Thursday, April 24, 2008

Free Trade

I do not like the protectionism rhetoric spewed out by Mr. Obama and Mrs. Clinton. It is an archaic way of thinking, and would be destructive to many "emerging" world countries and would be further destructive to the image of the United States.

It is free trade that have allowed so many people to gain middle class status in South America, Eastern Europe, and "Chindia" (China and India). The more stable countries around the world become, the more stable the world is geopolitically, and its also the humane thing to do. People in these countries depend on exporting their goods to the other countries so that they can make a living. Shutting down free trade would be akin to intentionally starving poor people around the world.

Check out this article from Nick Kristoff, a much more intelligent and effective writer than me, and his thoughts on the topic, with a poignant story on Columbia workers.

Remember what a decrease in free trade will do to you individually as well. Prices for goods and products will only go UP, because of a lack of competition from here and abroad.

Also, in a related sense, I am tired about hearing that we (the U.S.) is losing too many jobs to outsourcing. We actually INSOURCE more jobs than we outsource. The National Center for Policy Analysis estimates that insourcing led to the creation of 6.4 million new jobs within the United States over the past 5 years, compared to only 3.3 million outsourced jobs. Insourced jobs pay 16.5 percent more than the average domestic job, and one-third of them are in the manufacturing sector. These include plants that assemble German and Japanese automobiles and produce pharmaceuticals.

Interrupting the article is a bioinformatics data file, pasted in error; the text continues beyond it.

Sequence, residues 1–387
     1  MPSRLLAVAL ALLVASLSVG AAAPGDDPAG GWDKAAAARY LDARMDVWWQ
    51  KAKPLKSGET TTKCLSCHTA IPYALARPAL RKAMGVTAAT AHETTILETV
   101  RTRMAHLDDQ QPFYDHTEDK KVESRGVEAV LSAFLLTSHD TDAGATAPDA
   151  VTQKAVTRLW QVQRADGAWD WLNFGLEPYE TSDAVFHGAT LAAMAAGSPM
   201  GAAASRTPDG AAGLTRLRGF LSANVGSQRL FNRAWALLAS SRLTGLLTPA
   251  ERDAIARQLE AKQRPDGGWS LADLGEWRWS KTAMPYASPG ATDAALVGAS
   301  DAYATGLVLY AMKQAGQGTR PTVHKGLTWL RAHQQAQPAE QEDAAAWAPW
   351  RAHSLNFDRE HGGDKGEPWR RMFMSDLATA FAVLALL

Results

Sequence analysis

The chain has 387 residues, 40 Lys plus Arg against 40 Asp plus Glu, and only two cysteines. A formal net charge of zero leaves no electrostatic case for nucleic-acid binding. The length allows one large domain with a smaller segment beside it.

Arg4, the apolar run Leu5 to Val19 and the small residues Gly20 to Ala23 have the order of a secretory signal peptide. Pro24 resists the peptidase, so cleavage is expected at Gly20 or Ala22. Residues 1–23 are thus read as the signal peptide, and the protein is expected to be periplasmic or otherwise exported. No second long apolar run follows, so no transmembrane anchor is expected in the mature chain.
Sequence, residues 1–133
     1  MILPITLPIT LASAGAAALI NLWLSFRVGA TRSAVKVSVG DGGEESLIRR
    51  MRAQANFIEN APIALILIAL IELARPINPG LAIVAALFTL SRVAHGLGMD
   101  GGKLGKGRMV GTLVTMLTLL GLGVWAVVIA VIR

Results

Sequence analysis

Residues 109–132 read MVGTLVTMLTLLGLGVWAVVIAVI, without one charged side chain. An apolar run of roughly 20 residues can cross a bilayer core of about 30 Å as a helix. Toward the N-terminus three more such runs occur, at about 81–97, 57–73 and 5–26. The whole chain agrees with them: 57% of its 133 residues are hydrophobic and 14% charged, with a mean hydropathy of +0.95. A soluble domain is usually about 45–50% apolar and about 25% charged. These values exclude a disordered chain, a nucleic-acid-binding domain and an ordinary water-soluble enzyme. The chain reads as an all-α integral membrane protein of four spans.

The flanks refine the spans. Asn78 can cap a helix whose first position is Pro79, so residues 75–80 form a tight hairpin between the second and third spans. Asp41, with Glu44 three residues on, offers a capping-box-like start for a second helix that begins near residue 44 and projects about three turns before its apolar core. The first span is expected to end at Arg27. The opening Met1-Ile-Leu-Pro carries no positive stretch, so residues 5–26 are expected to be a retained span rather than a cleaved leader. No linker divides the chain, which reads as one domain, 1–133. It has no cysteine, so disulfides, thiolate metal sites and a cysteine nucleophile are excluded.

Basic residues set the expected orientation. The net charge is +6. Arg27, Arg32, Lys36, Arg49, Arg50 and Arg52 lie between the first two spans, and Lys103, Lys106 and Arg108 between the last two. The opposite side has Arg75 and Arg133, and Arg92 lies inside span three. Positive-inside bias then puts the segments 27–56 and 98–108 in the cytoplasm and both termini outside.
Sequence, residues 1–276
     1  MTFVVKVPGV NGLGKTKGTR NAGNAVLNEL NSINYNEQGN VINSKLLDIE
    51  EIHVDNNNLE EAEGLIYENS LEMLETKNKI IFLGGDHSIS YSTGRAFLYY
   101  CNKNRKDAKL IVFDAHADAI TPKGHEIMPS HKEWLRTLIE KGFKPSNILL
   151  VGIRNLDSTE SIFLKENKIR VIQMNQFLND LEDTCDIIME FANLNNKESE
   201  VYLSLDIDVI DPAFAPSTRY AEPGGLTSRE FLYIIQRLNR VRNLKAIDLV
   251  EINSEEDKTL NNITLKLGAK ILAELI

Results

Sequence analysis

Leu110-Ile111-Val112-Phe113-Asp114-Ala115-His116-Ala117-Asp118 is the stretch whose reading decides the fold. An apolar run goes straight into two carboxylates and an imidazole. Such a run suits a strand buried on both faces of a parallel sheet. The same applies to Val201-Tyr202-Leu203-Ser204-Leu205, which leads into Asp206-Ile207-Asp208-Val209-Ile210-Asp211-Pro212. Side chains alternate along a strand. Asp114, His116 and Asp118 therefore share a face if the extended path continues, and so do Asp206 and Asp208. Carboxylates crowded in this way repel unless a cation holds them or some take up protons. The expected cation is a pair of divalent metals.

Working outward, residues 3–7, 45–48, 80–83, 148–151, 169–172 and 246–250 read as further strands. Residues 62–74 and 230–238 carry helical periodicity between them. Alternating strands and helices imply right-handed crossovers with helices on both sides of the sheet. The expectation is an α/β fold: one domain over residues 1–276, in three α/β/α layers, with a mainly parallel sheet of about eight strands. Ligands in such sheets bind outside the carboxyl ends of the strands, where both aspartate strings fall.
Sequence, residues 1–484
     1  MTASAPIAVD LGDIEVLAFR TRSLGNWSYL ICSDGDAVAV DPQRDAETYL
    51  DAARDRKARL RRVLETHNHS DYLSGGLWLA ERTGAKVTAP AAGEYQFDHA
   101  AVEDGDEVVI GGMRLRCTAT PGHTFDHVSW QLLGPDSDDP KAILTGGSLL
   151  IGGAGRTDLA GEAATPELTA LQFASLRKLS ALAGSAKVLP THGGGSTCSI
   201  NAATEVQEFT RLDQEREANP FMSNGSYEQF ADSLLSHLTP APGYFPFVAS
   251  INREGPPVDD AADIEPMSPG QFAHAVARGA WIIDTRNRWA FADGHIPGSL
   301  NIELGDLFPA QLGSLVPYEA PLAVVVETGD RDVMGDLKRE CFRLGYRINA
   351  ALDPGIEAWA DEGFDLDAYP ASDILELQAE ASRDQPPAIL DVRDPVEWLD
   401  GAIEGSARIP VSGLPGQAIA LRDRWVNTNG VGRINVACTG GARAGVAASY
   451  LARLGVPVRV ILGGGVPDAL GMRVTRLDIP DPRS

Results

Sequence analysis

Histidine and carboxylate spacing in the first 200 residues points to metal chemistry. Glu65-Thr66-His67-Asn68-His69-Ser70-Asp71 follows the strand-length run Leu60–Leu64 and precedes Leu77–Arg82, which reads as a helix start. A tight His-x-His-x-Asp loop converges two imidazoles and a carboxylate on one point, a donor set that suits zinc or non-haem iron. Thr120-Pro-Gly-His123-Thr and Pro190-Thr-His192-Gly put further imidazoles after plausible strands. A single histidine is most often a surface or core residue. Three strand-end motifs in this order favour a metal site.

New York and California are two of the states that benefit most from insourcing:

Who doesn't like shopping at a place like Ikea (and eating their Swedish meatballs)? Well, it wouldn't be possible if it wasn't for insourcing.

Economist Martin N. Baily, chairman of the Council of Economic Advisers under President Clinton, looked at who benefits from outsourcing. He found that for every $1 spent by a U.S. corporation on outsourcing to India, only 33 cents stayed in India. The other 67 cents came back to the United States in the form of cost savings, new exports and repatriated profits. However, productivity gains add another 45 cents to 47 cents of value to the U.S. economy. Thus, on balance, the U.S. economy gains $1.12 to $1.14 for every $1 invested in outsourcing.

I think I do think we should fix is the loopholes for companies going offshore. Make it a level playing field. Taxes must be paid by U.S. companies even if they move most operations "offshore" to escape Uncle Sam. That simply is not fair.

In conclusion, don't believe the hype. We don't need to shut down free trade. No protectionist strategies. Free and fair trade for the world, for peace and prosperity.

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